Could addressing performance appraisal with community input, and departmental funding review and allocation play a role in changing the paradigm?
This was one of the central planks of the Obama administration’s Task Force on 21st Century Policing: Racial disparities could be addressed by trainings designed to root out unconscious and unintentional bias. The Justice Department and private foundations have disbursed millions of dollars to local police departments to give this training to their officers. This month, Texas announced that it would require every police officer to receive implicit-bias training.
This training assumes that the problems of race in American policing stem from discretionary decisions by individual officers, driven by unconscious prejudice. But law professor Jonathan Kahn has shown that the research basis for this training is flawed. While implicit bias appears when you group large numbers of people together, it doesn’t show up consistently at the individual level, which is how police officers usually interact with the public. More important, advocates of such training have not proved a connection between the scoring on bias tests and actions in the world. They also lack evidence to support the effectiveness of the training to influence officer behavior.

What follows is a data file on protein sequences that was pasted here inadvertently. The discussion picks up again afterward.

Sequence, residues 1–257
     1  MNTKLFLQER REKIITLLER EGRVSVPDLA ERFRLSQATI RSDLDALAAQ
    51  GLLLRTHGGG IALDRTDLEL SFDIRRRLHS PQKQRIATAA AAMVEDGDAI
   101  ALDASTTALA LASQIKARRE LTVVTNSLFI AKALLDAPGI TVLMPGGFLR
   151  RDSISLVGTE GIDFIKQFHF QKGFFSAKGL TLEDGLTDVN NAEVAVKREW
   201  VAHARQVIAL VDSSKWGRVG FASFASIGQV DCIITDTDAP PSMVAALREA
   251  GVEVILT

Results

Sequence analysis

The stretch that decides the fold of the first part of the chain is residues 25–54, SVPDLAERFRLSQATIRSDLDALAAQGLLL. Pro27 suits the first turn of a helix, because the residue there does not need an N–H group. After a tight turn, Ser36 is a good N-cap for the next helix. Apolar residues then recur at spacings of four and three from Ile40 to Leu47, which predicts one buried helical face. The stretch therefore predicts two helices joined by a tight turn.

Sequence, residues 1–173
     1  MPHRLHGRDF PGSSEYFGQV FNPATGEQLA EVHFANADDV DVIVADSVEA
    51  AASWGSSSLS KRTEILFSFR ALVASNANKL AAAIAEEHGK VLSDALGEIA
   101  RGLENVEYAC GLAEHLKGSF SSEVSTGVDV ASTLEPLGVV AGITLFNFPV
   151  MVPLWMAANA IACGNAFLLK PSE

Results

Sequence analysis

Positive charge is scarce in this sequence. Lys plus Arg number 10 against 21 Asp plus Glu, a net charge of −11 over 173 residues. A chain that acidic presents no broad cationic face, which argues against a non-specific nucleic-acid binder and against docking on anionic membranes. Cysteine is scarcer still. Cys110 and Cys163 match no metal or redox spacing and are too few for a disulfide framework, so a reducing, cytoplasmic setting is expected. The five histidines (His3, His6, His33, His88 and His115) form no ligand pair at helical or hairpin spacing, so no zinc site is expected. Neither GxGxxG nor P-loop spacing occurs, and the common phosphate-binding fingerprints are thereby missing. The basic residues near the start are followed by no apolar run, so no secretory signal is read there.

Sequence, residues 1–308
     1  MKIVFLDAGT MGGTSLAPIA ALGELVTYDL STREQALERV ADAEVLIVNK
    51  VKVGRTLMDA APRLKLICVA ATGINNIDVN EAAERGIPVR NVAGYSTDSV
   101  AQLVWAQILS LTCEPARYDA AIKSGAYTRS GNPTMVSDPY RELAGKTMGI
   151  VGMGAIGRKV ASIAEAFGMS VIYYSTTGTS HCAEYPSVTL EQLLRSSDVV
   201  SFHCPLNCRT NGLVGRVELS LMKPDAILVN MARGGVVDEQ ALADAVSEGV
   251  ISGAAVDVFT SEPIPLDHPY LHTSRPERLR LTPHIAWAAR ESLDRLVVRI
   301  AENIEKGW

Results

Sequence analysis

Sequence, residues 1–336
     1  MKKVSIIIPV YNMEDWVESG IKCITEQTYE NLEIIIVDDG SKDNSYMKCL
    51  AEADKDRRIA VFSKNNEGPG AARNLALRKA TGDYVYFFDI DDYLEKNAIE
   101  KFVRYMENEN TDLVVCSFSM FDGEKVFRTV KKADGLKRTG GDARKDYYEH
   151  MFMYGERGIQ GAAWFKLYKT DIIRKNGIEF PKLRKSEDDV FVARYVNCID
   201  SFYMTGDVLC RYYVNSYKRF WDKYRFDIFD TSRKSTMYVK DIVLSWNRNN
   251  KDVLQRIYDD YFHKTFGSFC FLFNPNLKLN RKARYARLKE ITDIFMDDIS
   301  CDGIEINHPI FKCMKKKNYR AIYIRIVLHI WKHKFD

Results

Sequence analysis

Such training also fails to address American policing’s explicit racism problem. Officers have been associated with white-supremacist organizations, have made racially offensive postings on social media and have exchanged racist texts and emails; they are also represented by union officials who often defend officers’ racist conduct.